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Andrew Hedges

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Andrew Hedges is a climate change and clean energy lawyer based in London. He works on a range of transactions driven by the ongoing transition to a low carbon economy. His expertise spans the development of renewable energy projects, energy efficiency, sustainable energy procurement (including long term corporate PPAs) and carbon finance. Andrew also provides regulatory advice impacting on the design of a range of energy transactions. Andrew is ranked as a Band 1 individual by Chambers Global.

In November 2022 the UK Government announced a new, temporary 45% levy on “exceptional” receipts generated from the production of wholesale electricity and published a “technical note” on the operation of the levy. Despite heavy criticism of the move by many clean energy market participants, on 20 December 2022 the UK Government confirmed its intention to press ahead with the EGL by publishing a supplementary technical note and draft legislation outlining the details of how the new tax would operate. The EGL has been introduced from 1 January 2023 and will have an impact on existing and potential investors in the UK clean energy market.

Multinational groups are increasingly likely to use voluntary carbon credits as part of their efforts to decarbonize their businesses and achieve their climate goals. There are a number of tax complexities and risks depending on how voluntary carbon credits are going to be acquired and used by companies and further guidance from HMRC would be welcomed, particularly as the market grows and becomes more regulated. Where multinational groups are taking a strategic approach to their offset activity, tax functions should play an active role in design and implementing structured arrangements.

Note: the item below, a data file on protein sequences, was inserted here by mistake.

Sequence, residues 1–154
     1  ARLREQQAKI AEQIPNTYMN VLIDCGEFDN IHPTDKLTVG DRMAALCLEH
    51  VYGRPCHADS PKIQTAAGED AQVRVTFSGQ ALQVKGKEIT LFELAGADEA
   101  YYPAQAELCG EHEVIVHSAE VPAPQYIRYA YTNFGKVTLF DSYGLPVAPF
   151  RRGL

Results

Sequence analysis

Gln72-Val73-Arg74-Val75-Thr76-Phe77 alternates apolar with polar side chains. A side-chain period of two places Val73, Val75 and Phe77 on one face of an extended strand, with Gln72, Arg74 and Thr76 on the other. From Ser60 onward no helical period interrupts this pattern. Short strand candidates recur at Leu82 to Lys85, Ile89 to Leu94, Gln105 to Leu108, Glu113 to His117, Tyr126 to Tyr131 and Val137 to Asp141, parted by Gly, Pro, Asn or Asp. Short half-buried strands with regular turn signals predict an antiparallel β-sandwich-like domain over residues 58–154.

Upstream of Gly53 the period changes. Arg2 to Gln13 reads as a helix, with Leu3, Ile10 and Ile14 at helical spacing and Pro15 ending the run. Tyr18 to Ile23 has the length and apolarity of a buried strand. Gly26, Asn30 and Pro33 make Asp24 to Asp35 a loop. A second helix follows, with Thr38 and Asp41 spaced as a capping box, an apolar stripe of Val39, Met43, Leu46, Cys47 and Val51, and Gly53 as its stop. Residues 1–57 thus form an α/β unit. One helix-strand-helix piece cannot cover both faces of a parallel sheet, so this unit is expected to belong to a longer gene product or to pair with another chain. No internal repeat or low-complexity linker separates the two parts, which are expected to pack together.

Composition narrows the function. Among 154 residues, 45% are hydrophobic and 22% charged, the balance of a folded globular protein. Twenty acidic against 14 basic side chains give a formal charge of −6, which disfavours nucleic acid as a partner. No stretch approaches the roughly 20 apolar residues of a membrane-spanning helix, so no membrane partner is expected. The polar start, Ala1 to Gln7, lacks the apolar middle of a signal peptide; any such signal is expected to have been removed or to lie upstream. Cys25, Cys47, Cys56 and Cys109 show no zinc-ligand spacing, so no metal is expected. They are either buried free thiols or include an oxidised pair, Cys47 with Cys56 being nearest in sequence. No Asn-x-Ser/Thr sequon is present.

Baker McKenzie, Trench Rossi Watanabe*, ICC UK and ICC Brasil present “COP Casts”, a series of interviews exploring climate change issues with experts representing a wide range of industries. Discussions on opportunities, complexities and challenges related to carbon markets in particular will introduce our audience to some of the topics that will be centre-stage at the upcoming 27th United Nations Climate Change Conference (COP27) in Sharm El-Sheik, Egypt, from 6 to 18 November 2022.

*Trench Rossi Watanabe and Baker McKenzie have executed a strategic cooperation agreement for consulting on foreign law.

TMT companies are often the first to develop innovative solutions and to face increasingly sophisticated regulation of key technologies they develop. As such, they have a unique opportunity to shape many areas including data strategies aligned to I&D, the future of remote work, and due diligence requirements for supply chains. A focus on data ethics underscores companies’ management of tangled data regulations and obligations as stewards of data. Additionally, TMT companies will also continue to develop and support innovative technologies to access and store renewable energy.

Voluntary carbon credit markets are rapidly expanding with significant increases in both trade volumes and investors looking for emission reduction/sequestration projects. Key to investment decisions are assumptions on the ability to use GHG reductions/sequestration achieved in a host country as the basis for issuing voluntary carbon credits that can be traded internationally. Please join us on 27 July for a 45 minute webinar in which Baker McKenzie will provide an overview of these issues and some of the themes that can be drawn from recent developments in Asia and Africa.

On 7 April 2022 the UK published its Energy Security Strategy. The key aim of the strategy is for the UK to achieve long-term independence from foreign energy sources and decarbonise the nation’s power supply. The strategy echoes the communication released on 8 March 2022 by the European Commission in relation to the Joint European Action for more affordable, secure and sustainable energy.
The UK’s Energy Security Strategy reinforces the Government’s commitment to decarbonisation, with an ambitious new target for offshore wind by 2030 and a doubling of the previous target for hydrogen production in the same time frame.

As the penetration of renewable energy increases, maintaining grid reliability becomes ever more challenging and costly. This Baker McKenzie report highlights key opportunities and challenges for the energy storage sector both from a global perspective and from the perspective of several key jurisdictions, and the significance of its role in enabling the energy transition.